Posted by: lavernewaddington | January 21, 2022

Backstrap Weaving – An Interesting Beginning

First of all, I will say that I am not superstitious. I jokingly wrote on this blog some time ago that getting bitten by a dog on a recent outing was a sign that perhaps I was getting too cocky in the range and frequency of my outings. And then I opened my big mouth in a Facebook post on December 29 with this: “I feel less locked-in now and more able to manage this situation we all find ourselves in.”

The universe responded: “Lol, that’s what you think.”

I strolled a block and a half to the bakery on Dec 31 and….bam! Five days later, Covid. Yes, sometimes you just get unlucky. I am well now, feeling back to normal and grateful that I had managed to get an AZ booster before this happened. First task now…find better masks. The chief medical officer in Australia is now coming straight out and saying that in the face of the more contagious Omicron, cloth masks (I am guessing he is talking about those home-made ones that we were all using) should not be used. I had been lining my two-layer cloth job with two disposable masks…still no good.

So, yes, the beginning of 2022 was “interesting”.

I had what I am calling Covid-head for a while which I would describe as feeling like particularly bad jet-lag. I dared not touch my weaving after losing the plot and destroying one of my PowerPoint presentations. This is what I had been working on before I got ill….

3-color reversible Andean Pebble Weave

This is 8/2 tencel and my attempt to get once more accustomed to the steps that I use to produce this 3-color reversible structure. My plan was to use the structure with my hand spun and I didn’t want to risk stressing my yarn with a whole lot of fussing about and unweaving while I got back into the swing of this technique. I wouldn’t call the way I do this efficient and I am waiting for that magical “aha” moment to come which will allow me to eliminate a step or two… or three. For now, I just plod along with it because I love the results.

Wrist cuff in 3-color reversible Andean Pebble Weave

During the pandemic I have been pulling out every bit of wool I can find in my closet and spinning it on my drop spindle during the various Zoom gatherings I have been attending. It has been slow going because I have only allowed myself to spin during these few gatherings. Goodness knows what I will do now that I have cleared out my closet and there is no more wool left to spin. Actually, there is a bunch of cotton to spin in there as well as alpaca…..

Part-way through the spinning project, I paused to try some of my yarn in two small wrist-cuff projects. I wanted to see if it would be able to stand up to the extra handling that it would experience in the 3-color method. They were just very short warps but I did feel confident after that test that my yarn would perform well even in much longer warps. I decided then that I would try to spin finer hoping that I could also produce finer yarn that would stand up well. That remains to be seen.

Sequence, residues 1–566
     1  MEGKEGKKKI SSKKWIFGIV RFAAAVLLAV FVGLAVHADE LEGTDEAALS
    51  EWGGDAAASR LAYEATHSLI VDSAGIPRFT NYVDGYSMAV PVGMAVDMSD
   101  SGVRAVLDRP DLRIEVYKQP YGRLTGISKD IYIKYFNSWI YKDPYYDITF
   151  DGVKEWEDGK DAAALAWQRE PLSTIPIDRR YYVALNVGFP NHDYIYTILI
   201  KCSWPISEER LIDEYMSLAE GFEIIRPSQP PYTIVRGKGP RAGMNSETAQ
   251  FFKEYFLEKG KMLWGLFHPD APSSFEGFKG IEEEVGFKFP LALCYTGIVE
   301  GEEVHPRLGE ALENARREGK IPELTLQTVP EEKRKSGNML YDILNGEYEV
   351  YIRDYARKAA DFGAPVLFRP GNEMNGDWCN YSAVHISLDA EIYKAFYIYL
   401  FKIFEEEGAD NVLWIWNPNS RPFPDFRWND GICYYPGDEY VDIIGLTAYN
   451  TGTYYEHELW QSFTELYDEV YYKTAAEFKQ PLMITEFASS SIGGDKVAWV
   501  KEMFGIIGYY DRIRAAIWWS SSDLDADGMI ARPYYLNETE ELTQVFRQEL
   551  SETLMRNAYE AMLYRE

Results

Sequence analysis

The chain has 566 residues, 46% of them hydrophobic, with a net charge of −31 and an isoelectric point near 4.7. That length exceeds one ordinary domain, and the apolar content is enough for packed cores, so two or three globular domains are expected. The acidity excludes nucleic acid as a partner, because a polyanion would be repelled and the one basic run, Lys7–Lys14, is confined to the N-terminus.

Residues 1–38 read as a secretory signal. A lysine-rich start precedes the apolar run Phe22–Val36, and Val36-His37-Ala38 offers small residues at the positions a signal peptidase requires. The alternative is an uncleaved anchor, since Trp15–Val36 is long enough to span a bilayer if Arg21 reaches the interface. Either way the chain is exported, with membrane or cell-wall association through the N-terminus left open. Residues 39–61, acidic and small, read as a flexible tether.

Applying an eye-pattern tubular band to a second 3-color pebble weave cuff in my hand spun.

I’ve been enjoying the tencel project. It’s just a mish-mash of various shapes and color combinations. And, yes, there are hummingbirds.

It has allowed me to play with swapping the outline and background colors and change the pebble spot colors at will. After sampling, I decided that a red outline with a green filler looks good against a yellow background while the same thing does not look good against a green background. The funny thing is that I had to walk away from this every now and then because the colors would suddenly start to get on my nerves! This never happens when I work with only two colors. So, I would go away and do something else and then return, look at the piece, and fall in love with it all over again.

Yesterday I knew for sure that I was fully recovered from Covid because instead of giving in to the post-lunch urge to nap, I was able to easily push it aside and go wind a warp.

These are the four colors I chose from my little stash of hand spun wool. Three will be part of the 3-color pebble and the one in the foreground will be the narrow border. I wanted to come up with a project that would allow both faces of the piece to be seen after going to all the trouble of using this reversible 3-color technique. I decided that a strap for a bag would be perfect….not very wide, but long enough to be able to play with patterns, and both sides would be seen. So, I am working completely backwards by first weaving a strap and then planning a bag to go with it. It’s not like I need a bag…I just like weaving and if I need an excuse and the piece simply MUST be something, then a bag strap it will be.